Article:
Americanmuso: The (Politically Incorrect) Naming Culture of Burkina Faso

American’s are staunch supporters of political correctness. For example, it probably wouldn’t be acceptable for a stranger to make fun of a dark skinned person for not being able to show up in a picture taken in a dark space if the flash isn’t on-especially not in public. Chances are if this did happen, that stranger wouldn’t be able to get far before getting a piece of the victims mind.

Race jokes? Unacceptable.
Fat jokes? Nope.
Rape jokes? You better run for the hills.

po·lit·i·cal·ly cor·rect
pəˌlidək(ə)lē kəˈrekt/
adjective
adjective: politically correct; adjective: politically incorrect; adjective: incorrect
  1. exhibiting (or failing to exhibit) political correctness.
    “it is not politically correct to laugh at speech impediments”
    synonyms: unoffensive, nondiscriminatory, unbiased, neutral, appropriate, nonpartisan;

     
    “the true meaning may be clouded by his politically correct language”
    antonyms: offensive

    Defined by google search

That being said. There are plenty places in this world where that staunch political correctness (PC) has no home, and as an American that can often be…jarring.

Burkina Faso is a prime example of where you aren’t going to find people who are as PC as a people prefer in the United States, and instead you’ll find that people are prone to describing and naming others for exactly how they look or what they do.

People aren’t always “Awa,” and “Ahmed,” but”The old woman,” and ” The fat boy.”

Titles
There are entire swaths of people in my host community who’s names are completely unknown to me.  This is 100% due to the fact that no one has every called them by their proper name, so I don’t either. Instead I find myself calling one of my favorite older women in village, “my old woman,” like my neighbors do or calling the owner of the store down the road the, “little store owner.”

People of status are also typically called by their working title. For example, the headmaster of the school is called, “Mr. Headmaster,” and the chief of police being called, “Chief.”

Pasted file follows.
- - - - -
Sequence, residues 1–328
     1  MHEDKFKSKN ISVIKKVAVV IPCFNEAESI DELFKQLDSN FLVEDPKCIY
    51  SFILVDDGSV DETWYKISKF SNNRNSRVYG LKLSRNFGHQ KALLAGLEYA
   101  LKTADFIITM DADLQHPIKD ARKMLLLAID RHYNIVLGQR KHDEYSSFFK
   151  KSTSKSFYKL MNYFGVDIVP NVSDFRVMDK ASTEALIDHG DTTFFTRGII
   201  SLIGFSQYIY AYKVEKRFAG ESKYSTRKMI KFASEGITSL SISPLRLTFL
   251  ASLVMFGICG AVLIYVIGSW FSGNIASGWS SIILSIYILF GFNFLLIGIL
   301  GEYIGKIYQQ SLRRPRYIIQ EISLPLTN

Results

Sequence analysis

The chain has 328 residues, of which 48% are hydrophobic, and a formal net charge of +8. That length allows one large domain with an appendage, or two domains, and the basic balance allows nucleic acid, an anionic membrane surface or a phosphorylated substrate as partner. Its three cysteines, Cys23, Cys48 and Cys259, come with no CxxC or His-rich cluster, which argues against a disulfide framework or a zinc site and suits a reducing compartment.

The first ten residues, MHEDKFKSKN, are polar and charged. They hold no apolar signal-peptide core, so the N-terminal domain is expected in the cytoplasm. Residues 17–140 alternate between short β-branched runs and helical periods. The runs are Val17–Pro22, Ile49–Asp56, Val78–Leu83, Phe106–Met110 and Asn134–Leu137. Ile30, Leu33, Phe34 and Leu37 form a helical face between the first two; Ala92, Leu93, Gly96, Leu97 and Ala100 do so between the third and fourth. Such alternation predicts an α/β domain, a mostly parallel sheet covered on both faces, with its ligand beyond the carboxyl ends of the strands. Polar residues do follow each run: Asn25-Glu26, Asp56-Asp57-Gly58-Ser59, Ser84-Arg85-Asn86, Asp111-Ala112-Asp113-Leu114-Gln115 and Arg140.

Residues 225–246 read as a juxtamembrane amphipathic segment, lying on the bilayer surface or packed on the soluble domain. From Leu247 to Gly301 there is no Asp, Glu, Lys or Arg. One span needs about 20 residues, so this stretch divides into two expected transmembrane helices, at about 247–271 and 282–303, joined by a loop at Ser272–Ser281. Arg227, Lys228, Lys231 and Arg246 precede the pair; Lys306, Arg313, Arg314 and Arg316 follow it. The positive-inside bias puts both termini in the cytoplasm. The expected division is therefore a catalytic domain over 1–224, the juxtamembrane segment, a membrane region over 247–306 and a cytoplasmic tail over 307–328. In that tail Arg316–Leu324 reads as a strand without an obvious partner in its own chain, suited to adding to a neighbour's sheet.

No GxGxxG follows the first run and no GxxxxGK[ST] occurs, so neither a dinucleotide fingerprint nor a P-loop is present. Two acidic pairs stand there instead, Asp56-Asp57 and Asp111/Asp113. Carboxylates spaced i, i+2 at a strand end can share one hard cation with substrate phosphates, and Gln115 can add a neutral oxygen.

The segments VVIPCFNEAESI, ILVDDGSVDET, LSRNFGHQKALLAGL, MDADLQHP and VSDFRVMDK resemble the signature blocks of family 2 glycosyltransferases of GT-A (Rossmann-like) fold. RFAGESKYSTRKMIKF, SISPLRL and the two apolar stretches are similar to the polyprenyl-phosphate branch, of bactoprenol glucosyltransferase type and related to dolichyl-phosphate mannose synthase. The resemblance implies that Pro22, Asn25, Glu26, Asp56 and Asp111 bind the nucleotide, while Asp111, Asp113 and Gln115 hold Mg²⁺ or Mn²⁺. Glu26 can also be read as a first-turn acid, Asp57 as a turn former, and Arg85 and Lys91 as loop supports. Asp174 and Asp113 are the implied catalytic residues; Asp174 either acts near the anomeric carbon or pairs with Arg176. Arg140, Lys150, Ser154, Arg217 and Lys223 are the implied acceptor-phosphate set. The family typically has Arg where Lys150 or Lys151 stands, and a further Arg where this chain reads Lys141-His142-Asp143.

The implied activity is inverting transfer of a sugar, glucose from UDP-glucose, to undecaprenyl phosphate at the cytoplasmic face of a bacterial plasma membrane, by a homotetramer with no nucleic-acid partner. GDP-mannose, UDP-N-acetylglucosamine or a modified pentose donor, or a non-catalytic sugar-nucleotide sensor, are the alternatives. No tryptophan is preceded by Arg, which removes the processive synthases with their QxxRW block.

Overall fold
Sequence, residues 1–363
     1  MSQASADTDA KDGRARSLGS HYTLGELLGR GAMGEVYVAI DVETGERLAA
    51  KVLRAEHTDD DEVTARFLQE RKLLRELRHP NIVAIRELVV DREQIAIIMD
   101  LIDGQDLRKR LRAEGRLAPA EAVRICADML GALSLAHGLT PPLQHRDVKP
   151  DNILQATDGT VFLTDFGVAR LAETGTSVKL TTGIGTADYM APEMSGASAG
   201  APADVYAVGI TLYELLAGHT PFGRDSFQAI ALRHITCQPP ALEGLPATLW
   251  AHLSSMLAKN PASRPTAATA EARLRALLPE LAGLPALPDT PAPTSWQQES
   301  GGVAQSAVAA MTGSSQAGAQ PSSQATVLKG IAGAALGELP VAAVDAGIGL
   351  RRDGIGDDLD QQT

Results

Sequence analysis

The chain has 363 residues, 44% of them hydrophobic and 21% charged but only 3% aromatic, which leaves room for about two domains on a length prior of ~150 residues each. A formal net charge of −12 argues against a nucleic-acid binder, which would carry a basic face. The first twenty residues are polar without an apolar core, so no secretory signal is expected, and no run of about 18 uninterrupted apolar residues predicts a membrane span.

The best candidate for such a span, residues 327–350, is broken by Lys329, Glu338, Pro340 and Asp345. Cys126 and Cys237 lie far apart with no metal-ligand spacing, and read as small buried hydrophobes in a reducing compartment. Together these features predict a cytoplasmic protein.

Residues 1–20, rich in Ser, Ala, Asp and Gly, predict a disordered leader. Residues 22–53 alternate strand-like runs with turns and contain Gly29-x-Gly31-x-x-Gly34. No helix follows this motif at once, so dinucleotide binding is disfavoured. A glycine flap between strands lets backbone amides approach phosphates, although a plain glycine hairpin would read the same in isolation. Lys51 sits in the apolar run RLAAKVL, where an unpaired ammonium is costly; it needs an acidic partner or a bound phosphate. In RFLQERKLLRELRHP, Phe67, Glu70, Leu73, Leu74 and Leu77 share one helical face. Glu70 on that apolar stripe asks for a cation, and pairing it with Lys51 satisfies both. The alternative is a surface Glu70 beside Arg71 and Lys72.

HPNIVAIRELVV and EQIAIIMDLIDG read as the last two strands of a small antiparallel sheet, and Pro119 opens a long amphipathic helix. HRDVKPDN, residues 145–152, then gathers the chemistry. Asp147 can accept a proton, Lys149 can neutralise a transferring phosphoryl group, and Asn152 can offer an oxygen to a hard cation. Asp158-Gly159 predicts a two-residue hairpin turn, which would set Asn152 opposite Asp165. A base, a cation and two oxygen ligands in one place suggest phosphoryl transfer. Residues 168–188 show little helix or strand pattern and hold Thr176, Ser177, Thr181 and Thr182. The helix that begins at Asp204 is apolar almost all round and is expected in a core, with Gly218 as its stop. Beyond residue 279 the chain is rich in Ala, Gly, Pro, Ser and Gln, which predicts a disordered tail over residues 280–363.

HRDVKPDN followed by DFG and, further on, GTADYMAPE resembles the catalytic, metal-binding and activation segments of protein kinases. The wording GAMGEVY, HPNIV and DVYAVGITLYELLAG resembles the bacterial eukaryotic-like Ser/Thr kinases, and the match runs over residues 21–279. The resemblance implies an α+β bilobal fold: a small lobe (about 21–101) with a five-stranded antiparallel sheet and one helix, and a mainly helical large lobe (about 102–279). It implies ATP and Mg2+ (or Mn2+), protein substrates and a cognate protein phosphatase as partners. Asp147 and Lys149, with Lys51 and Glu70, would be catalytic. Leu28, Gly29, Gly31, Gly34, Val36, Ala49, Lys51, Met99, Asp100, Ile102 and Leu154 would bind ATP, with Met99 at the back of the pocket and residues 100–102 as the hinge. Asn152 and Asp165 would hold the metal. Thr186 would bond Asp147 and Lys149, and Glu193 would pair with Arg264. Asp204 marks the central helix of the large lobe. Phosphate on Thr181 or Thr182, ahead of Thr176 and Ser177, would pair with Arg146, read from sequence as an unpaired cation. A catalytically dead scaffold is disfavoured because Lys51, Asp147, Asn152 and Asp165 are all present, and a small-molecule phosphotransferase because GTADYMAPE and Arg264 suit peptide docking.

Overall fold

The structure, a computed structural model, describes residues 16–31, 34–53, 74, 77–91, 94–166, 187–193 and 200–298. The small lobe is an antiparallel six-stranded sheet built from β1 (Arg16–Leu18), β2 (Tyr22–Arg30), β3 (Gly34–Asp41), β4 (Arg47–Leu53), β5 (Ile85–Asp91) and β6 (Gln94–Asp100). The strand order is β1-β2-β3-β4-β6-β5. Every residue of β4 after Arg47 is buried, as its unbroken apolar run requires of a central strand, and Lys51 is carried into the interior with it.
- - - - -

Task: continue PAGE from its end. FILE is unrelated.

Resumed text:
This “name calling,” is also often turned on me. I have been called, “Americanmuso,” “American woman,” “Tubabumuso,” “Foreign woman,” and “Black American woman,” in lieu of my name.

And though this might seem a little odd to outsiders, it ends up being much easier to go with the naming system flow than asking the person for their given name, remembering it, calling them by it, and then having everyone have no idea who you’re talking about because they don’t know that person’s given name anyway.

Physical Descriptions
Not only can your position become your name here but your physical description can also become a topic of conversation. People are completely comfortable telling you exactly what they think of your physical form, whether you want to hear it or not.

As someone who has raised in a PC country, it has taken some effort to get used to being told I’m “getting fat,” and that I “need to lose weight because men don’t like it,” by casual friends, or being asked, why my “face has become covered in acne recently,” by my French teacher.

I’ve witnessed an young girl with albinism being told she should use a bleaching cream to even out her skin tone, and a boy being told he was too fat to be good at soccer, and everything in between.

However, though comments and names like these can be seen as harmful to those of us from other cultures, it’s important to realize that to the locals this is a completely normal, unoffensive, politically correct, and sometimes funny, occurrence.

To me, its just become a little quirk about Burkina to accept.

 

 

 

 

 

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